YOU ARE HERE: LAT HomeCollections

District May Face Charges or Closure for Faulty Alarms : Schools: A state inspector finds the fire-warning systems at three campuses deficient--or not even installed.


Downey officials have threatened to seek criminal charges against the Downey Unified School District for failing to fix fire alarm systems at three schools and will recommend that state officials shut down the buildings if the repairs are not made by the opening of school on Sept. 15.

A state fire inspector found the fire alarms either have not been installed, do not work or do not meet minimum state requirements in classrooms and hallways at Gauldin Elementary, Downey High and Warren High, said city Fire Marshal Dennis Groat.

Unless the alarm systems are brought up to state standards, the case will be turned over to the Los Angeles County district attorney's office, said Assistant City Atty. Timothy McOsker.

Supt. Edward Sussman said the school district has fixed problems with the alarm systems at two other schools and has asked the city for money to pay for alarms at the three schools that do not meet state standards. But he maintains that students were never in danger.

"We believed we were OK in case of an emergency," Sussman said. "Every year we have disaster drills. The bells work."

Fire Department records indicate that the fire alarm systems have not worked since January, 1991; at Warren High officials devised a plan for students to run to the office in case a blaze broke out in a classroom.

School district officials have been warned repeatedly to upgrade the alarm systems, Groat said, but deadlines were extended when the Fire Department was assured the work would be done.

In August, 1991, for example, inspections at all three schools found that the manual alarms--red "pull boxes" that allow anyone to activate a warning siren--were turned off, Fire Department records show. At Gauldin Elementary the power for the fire alarm system was disconnected, and the two-way communication system to the classrooms did not work.

Assistant Supt. Gary Orsinger assured Fire Chief Ron Irwin in a letter dated Sept. 16, 1991, that "these fire alarm modernizations will be treated on a top priority basis."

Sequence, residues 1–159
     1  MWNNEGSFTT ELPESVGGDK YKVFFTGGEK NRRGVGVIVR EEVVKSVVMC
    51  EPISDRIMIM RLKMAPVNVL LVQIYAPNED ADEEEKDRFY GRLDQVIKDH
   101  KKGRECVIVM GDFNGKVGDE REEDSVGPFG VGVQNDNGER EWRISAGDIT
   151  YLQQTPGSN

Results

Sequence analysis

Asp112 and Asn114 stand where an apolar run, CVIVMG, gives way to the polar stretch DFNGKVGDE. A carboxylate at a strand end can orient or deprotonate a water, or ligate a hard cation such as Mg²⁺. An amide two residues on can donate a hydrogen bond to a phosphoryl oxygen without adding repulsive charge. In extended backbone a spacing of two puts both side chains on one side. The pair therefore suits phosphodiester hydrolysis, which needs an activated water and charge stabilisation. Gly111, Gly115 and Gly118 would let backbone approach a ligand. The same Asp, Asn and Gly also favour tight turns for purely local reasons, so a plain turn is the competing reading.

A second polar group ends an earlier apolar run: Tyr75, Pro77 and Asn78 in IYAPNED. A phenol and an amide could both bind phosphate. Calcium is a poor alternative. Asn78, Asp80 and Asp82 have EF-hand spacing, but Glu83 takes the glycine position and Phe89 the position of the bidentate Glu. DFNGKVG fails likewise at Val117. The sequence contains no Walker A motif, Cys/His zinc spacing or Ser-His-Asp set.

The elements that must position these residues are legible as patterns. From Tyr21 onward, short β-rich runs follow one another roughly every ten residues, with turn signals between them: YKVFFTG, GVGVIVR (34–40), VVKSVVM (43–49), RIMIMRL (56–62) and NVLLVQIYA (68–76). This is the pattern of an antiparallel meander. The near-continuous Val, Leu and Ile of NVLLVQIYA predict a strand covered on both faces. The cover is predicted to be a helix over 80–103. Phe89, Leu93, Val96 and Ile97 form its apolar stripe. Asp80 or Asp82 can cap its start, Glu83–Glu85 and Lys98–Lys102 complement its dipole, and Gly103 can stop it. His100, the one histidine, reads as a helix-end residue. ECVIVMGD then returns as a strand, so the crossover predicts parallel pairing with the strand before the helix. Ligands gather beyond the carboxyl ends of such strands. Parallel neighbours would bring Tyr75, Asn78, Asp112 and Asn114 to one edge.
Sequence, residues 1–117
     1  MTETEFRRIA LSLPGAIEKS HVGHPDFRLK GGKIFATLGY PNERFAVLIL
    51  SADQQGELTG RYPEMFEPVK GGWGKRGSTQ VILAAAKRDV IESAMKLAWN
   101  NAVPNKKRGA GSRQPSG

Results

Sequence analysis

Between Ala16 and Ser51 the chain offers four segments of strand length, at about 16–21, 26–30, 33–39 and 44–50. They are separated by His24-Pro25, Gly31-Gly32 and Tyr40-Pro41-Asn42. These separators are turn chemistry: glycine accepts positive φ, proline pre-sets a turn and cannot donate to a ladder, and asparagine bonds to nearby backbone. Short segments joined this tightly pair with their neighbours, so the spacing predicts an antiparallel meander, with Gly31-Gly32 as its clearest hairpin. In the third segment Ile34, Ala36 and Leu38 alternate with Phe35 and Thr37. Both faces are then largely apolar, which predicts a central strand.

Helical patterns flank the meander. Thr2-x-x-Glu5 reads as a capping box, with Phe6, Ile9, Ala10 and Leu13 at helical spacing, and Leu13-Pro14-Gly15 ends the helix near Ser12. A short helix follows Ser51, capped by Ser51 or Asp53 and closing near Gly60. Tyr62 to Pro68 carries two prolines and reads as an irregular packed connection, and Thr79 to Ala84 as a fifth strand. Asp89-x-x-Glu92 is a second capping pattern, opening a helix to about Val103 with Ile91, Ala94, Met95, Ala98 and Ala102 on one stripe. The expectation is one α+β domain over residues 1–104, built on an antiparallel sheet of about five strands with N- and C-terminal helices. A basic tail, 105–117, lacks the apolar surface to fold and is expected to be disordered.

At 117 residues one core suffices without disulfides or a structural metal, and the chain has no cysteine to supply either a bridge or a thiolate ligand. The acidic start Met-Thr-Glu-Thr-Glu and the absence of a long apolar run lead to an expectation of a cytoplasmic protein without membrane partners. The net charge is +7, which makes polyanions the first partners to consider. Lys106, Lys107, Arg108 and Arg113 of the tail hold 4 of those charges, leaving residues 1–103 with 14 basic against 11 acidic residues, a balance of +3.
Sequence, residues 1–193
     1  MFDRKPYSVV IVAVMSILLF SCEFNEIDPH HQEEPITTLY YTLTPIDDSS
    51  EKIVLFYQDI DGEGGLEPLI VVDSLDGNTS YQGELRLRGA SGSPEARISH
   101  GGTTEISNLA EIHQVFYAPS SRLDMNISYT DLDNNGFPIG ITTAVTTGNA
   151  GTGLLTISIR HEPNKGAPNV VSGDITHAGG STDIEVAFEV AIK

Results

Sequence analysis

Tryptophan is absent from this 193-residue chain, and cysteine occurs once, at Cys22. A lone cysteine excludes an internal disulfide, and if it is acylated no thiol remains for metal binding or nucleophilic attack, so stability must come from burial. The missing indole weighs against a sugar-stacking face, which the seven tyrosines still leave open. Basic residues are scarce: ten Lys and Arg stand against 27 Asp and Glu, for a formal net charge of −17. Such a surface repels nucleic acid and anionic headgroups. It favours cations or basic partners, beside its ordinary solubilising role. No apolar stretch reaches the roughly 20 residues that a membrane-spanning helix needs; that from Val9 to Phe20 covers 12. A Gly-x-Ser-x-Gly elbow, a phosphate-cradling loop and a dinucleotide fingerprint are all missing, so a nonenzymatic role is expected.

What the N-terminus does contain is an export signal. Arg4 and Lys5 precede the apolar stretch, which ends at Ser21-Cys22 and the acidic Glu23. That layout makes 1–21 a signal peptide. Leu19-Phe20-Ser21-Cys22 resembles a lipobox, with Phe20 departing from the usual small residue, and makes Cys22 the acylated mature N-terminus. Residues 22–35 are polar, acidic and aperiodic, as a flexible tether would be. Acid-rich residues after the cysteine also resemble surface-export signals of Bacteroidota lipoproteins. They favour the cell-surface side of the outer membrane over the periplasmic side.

All three schools failed to pass the latest inspection Monday.

At Warren High School, for example, the alarm system could be activated from the office, but when state and city fire officials pulled a red fire alarm in the hallway, it produced no sound, Groat said.

He said if the alarm box does not work during a fire, it could delay evacuation of the school. "If there was a hazardous-waste accident or other emergency, we would have to evacuate that school immediately," Groat said. "No delay would be acceptable."

Last week the Downey school board passed an emergency measure to spend $200,000 to fix the alarm systems, but only if the City Council allocates the funds.

In May the council agreed to give the district $60,000 in federal funds to pay for the fire alarms at two schools. In addition, the council awarded the district $140,000 to repair 200 drinking fountains. But Tuesday the council will consider directing the district to spend the entire $200,000 on the alarm systems.

"The city has tried to cooperate with the schools and understand their financial difficulties," said Assistant City Manager Lee Powell. "It's become a big problem. We want to get it solved as soon as possible. We think it's an important enough item that if the school district won't fund it, we will."

If the city approves the money, the school district will meet the Sept. 15 deadline for installing the alarms, Sussman said. "We'll have the systems up and running by the first day of school," he said.

PTA member Linda Davis, whose 16-year-old daughter is a junior at Warren High, said most parents were not aware the alarm boxes did not work.

"I had no idea. As a parent I am very concerned. . . . What would they do if there was a fire? The classes are pretty packed."

To keep Warren High open last fall, fire officials and school administrators initiated the "Captain Quake" program to be used instead of the alarm boxes in an emergency. The program required two students in each class to be designated as runners. If a fire broke out, the students would dash to the office and have someone trigger the central alarm system.

Fire Marshal Groat said he agreed to the plan only as a temporary measure. "We felt in the interim we would accept the human-type system to give the school district the time to make the repairs" on the alarm system, he said. But after 11 months, the repairs still are not finished.

Los Angeles Times Articles